8. A resolution of the Sixteenth Conference stated inter alia: ‘... in trade-union problems Bukharin, Rykov and Tomsky are prepared to oppose in the most dangerous fashion the trade unions to the party, actually aiming at the weakening of party leadership in the unions, blurring defects in the work of the unions, defending craft trends and the manifestations of bureaucratic ossification in parts of the trade-union machinery, and presenting the party’s struggle against these defects as a Trotskyist “shake up” of the trade unions...’ Referring to Tomsky’s demand for freedom of expression, the resolution stated: ‘The party... rejects with determination such “freedom” of criticism which the right elements demand in order to defend their anti-Leninist political line.’ (VKP (b) o Profsoyuzakh (All-Union Communist Party on Trade Unions, second edition, Moscow, 1940), p 389).
9. Thus, for instance, the compositors’ and printers’ union in Moscow was led by the Mensheviks as late as 1923.
10. VKP (b) o Profsoyuzakh (All-Union Communist Party on Trade Unions, second edition, Moscow, 1940), pp 459-68.
11. The total growth of the urban population in the same period, including the normal increase in the town-dwelling population, amounted to nearly 30 million.
12. This does not apply, of course, to the forced-labour camps, among the inmates of which political offenders or suspects formed a very high, perhaps the highest, proportion. But the forced-labour camp is a monstrous excess, not the typical form of Soviet direction of labour. The typical form is precisely this ‘organised intake’ of peasant labour, on the basis of contracts between the industrial concerns and collective farms.
13. Pravda, 3 October 1940.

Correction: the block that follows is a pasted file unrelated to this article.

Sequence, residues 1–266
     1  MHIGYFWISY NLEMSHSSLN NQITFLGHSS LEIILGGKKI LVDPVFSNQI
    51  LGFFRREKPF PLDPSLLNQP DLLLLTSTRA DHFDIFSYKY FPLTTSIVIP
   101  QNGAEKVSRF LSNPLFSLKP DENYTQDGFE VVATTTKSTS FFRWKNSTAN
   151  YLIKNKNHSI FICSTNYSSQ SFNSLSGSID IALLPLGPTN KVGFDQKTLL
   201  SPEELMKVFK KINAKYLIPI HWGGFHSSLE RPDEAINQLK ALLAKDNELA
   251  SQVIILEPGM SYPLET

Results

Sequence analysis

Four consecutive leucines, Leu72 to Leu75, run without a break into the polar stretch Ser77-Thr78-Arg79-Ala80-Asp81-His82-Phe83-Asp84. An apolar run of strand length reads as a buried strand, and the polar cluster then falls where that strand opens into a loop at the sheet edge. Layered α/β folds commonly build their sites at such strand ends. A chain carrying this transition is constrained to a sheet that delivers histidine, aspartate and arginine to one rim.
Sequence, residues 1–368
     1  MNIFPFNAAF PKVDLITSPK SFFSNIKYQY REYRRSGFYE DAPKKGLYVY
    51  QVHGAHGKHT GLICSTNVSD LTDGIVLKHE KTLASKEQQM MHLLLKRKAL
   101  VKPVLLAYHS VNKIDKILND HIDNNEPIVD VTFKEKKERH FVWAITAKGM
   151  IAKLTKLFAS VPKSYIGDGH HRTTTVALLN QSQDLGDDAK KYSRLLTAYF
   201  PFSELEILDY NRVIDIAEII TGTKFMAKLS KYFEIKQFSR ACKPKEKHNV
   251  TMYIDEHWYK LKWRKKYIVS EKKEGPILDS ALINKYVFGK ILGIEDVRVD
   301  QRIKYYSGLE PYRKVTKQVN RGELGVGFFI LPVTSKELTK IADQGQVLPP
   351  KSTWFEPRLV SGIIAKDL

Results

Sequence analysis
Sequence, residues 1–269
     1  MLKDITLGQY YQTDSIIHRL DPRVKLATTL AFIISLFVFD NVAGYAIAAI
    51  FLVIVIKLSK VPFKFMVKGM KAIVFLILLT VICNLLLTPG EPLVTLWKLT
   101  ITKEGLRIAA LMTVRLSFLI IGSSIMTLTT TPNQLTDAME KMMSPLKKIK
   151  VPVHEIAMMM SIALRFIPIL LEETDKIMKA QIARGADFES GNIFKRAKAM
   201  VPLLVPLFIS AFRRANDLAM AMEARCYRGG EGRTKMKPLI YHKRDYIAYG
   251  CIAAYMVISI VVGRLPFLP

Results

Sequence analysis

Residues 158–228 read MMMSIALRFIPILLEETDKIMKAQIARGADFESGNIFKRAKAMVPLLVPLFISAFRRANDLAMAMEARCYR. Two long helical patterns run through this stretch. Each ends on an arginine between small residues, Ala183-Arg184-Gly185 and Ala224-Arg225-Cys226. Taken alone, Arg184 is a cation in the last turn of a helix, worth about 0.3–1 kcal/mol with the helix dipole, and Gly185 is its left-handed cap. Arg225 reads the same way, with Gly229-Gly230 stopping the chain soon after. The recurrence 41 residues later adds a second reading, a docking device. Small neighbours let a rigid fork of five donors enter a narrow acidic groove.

14. VKP (b) o Profsoyuzakh (All-Union Communist Party on Trade Unions, second edition, Moscow, 1940), p 506.
15. VKP (b) o Profsoyuzakh (All-Union Communist Party on Trade Unions, second edition, Moscow, 1940), p 516.
16. VKP (b) o Profsoyuzakh (All-Union Communist Party on Trade Unions, second edition, Moscow, 1940), pp 545-47.
17. VKP (b) o Profsoyuzakh (All-Union Communist Party on Trade Unions, second edition, Moscow, 1940), pp 594-601.
18. VKP (b) o Profsoyuzakh (All-Union Communist Party on Trade Unions, second edition, Moscow, 1940), p 596.
19. The sanctions did not, of course, apply to workers who changed jobs by order or permission of their superiors.
20. In the coal industry allowances were more liberal. Coal-getters received 100 per cent after two years, and 60 per cent after less than two years of permanent employment.
21. For a more detailed scale of bonuses see VKP (b) o Profsoyuzakh (All-Union Communist Party on Trade Unions, second edition, Moscow, 1940), p 599.
22. VKP (b) o Profsoyuzakh (All-Union Communist Party on Trade Unions, second edition, Moscow, 1940), p 598.
23. The total number of workers and employees was approaching 30 million before the Second World War (it was about 33 million in 1949), but it has never been stated how many of these were manual workers and how many were office employees. Indirect indications suggest that industrial workers formed about two-thirds or slightly more of the total.
24. VKP (b) o Profsoyuzakh (All-Union Communist Party on Trade Unions, second edition, Moscow, 1940), p 450.
25. In the late 1930s the membership fee was reduced to one per cent of wages.
26. VKP (b) o Profsoyuzakh (All-Union Communist Party on Trade Unions, second edition, Moscow, 1940), p 515.
27. VKP (b) o Profsoyuzakh (All-Union Communist Party on Trade Unions, second edition, Moscow, 1940), p 414. The author of this resolution was Trotsky, although the same idea was frequently expounded also by Lenin. There was a touch of irony in the fact that Trotsky’s words, without the authorship being mentioned, were approvingly quoted in the solemn message of the Sixteenth Party Conference only a few weeks after the Politbureau had expelled Trotsky from Russia.
28. VKP (b) o Profsoyuzakh (All-Union Communist Party on Trade Unions, second edition, Moscow, 1940), p 415.
29. VKP (b) o Profsoyuzakh (All-Union Communist Party on Trade Unions, second edition, Moscow, 1940), pp 415-16.